Remember how OLLA and ALGE had three eggs? They’re not eggs any more!
When we checked the nest today we found three nestlings. My goal was to absolutely minimize the disturbance to chicks and parents, so the plan was to remove two chicks, process them, return them to the nest and remove the third chick, then return her too. (Removing all three chicks at once would minimize the number of trips to/from the nest, but if the parents saw an empty nest they might—reasonably!—assume all the chicks had been eaten and abandon the nest.)
I did manage to follow that plan, but it was much more difficult than I expected, because it turns out that junco nestlings at this age have a very healthy flee-the-predator response! When I went to pick up two nestlings, all three of them took off in opposite directions in clumsy but speedy bounds. The parents dove in among them, guiding or herding them maybe, and adding to the chaos. I gathered the nestlings up, put one back in the nest and took the other two to be processed—where both of them called constantly to Mom and Dad, who called back. Mom and Dad were definitely saying something like “We’re here, escape to us!” because every time the chicks heard their parents they would try to bolt again.
It was impossible not to feel bad for causing such fright to parents and babies. I worked as quickly as possible and then put the first two, YAYN and BABY, back into their nest, which naturally they fled from. I scooped them back into the nest and held them there until they were content to stay.
With two nestlings in the nest instead of one, the parents were abruptly fine. Perhaps two nestlings looks close enough to three for a junco? I was glad that OLLA and ALGE could relax, but felt a bit bad for the third nestling, MAYO, who apparently they didn’t miss!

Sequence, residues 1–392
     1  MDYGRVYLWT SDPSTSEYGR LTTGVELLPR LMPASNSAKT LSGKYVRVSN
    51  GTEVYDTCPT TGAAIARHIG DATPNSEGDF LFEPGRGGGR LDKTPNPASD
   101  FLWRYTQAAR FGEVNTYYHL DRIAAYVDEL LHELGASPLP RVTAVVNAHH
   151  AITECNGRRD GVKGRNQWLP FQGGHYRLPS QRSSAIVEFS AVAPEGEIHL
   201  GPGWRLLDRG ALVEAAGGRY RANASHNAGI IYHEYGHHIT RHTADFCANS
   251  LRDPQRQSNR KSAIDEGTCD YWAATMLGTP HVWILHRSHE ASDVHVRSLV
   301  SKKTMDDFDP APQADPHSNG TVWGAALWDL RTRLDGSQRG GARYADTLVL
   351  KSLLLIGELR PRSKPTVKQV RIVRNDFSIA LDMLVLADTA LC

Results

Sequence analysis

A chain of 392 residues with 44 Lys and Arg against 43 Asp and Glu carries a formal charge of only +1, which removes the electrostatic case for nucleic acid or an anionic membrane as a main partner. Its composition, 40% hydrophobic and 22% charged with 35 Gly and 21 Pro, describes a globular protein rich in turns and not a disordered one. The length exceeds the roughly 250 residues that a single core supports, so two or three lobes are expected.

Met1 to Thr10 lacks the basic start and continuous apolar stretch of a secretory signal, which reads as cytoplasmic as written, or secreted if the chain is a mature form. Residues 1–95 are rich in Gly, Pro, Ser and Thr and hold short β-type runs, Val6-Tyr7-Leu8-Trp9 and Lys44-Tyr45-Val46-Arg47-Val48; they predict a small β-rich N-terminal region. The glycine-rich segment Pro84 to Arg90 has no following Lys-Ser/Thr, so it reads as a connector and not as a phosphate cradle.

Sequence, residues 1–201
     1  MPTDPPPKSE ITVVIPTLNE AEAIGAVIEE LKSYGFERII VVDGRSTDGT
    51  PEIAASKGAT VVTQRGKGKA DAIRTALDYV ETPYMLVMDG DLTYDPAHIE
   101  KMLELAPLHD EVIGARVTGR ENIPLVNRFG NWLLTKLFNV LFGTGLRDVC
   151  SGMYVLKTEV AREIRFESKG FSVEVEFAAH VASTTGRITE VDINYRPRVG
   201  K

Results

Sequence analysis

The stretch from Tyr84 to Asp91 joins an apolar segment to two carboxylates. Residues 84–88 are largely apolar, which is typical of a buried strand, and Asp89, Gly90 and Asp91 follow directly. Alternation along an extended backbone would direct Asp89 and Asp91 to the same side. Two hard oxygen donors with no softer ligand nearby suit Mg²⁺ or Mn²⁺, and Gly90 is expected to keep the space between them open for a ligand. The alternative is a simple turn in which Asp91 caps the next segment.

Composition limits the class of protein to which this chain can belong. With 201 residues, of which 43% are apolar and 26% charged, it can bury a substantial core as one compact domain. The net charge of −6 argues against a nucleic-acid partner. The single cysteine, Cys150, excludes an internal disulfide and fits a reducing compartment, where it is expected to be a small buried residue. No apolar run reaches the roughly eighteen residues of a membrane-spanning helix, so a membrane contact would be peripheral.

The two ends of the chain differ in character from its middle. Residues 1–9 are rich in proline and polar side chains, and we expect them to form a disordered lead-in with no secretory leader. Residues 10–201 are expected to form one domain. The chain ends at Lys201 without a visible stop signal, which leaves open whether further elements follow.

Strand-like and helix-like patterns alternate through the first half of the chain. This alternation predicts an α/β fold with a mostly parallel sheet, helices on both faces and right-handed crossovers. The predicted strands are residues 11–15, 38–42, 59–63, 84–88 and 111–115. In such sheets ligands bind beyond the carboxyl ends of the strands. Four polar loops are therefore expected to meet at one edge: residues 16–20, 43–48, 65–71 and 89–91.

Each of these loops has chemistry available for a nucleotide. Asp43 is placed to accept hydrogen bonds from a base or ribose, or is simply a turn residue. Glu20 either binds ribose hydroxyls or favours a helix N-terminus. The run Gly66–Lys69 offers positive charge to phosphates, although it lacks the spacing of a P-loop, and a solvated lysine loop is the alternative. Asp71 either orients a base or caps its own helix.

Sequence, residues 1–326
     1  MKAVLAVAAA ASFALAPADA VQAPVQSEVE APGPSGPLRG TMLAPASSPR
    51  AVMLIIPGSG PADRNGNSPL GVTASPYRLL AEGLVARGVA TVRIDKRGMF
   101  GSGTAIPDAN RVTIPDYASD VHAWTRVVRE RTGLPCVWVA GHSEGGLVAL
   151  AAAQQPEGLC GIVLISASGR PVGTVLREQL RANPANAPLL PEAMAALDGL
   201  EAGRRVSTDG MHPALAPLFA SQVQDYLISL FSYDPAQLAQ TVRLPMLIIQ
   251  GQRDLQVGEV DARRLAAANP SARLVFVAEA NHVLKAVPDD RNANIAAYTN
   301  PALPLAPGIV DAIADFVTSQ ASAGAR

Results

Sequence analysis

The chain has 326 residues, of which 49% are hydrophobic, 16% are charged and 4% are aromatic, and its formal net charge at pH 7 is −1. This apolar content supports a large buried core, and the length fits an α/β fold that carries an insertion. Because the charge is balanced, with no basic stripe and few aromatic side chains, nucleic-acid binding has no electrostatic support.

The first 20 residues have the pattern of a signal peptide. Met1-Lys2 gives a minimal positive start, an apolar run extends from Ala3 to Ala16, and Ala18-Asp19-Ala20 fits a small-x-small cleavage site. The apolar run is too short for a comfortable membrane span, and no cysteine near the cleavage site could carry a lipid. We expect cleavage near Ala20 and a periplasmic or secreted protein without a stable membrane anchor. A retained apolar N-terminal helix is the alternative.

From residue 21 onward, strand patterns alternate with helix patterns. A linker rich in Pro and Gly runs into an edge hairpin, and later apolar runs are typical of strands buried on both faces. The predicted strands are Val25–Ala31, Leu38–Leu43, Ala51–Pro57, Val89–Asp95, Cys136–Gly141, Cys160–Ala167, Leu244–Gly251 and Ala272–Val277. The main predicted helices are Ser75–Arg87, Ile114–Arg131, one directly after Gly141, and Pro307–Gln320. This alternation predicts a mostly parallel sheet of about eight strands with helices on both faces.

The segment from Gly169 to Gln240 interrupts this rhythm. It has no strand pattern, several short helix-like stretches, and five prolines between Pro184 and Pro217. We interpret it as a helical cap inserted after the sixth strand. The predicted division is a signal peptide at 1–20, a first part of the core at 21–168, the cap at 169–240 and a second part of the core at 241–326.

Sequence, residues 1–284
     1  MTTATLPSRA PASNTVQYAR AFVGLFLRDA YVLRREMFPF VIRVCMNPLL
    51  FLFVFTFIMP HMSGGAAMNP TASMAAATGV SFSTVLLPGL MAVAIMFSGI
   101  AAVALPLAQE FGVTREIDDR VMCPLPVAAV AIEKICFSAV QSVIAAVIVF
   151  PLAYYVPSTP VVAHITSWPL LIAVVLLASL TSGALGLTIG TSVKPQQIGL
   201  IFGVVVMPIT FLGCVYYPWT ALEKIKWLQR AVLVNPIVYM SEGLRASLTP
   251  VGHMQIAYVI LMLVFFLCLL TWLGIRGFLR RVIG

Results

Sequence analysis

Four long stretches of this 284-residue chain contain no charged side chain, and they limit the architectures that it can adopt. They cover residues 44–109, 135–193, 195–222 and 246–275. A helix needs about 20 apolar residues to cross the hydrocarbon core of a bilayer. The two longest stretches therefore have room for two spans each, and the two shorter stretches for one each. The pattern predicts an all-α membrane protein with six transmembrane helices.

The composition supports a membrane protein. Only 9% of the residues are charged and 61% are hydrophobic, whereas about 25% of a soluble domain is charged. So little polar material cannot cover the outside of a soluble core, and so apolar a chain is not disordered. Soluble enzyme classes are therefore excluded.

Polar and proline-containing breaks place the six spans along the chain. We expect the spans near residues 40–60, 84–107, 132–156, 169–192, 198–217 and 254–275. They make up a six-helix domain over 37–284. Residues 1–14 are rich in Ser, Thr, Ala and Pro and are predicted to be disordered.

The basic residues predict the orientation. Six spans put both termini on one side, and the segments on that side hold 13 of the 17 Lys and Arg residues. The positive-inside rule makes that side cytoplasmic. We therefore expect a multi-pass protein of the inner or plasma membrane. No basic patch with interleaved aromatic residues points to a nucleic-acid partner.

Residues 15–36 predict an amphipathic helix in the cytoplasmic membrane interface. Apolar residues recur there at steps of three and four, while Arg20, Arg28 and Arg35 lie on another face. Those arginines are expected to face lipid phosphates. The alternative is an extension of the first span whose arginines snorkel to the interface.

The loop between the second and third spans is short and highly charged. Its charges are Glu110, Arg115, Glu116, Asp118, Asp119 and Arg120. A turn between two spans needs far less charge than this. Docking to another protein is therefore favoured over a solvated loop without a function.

I put MAYO back in the nest and got out of there as fast as I could. I probably won’t be able to see these guys up close again until they fledge: they’re so eager to escape that it’s too risky to bother them any more, especially as they get closer to actual fledging age.
I’m thrilled that they’ve survived so far! OLLA and ALGE seem like very determined parents, which is promising. And the chicks certainly know what to do in case of a predator! It’s interesting, given their run-away response, to note that their wings and tails are still very underdeveloped but their legs are adult-sized. It may be that they focus energy on the legs first so that they will have a means of escape sooner; flight is tricky and I imagine it would take longer to develop than clumsy running.
I’m looking forward to seeing YAYN, BABY, and MAYO in their gawky fledgling stage next.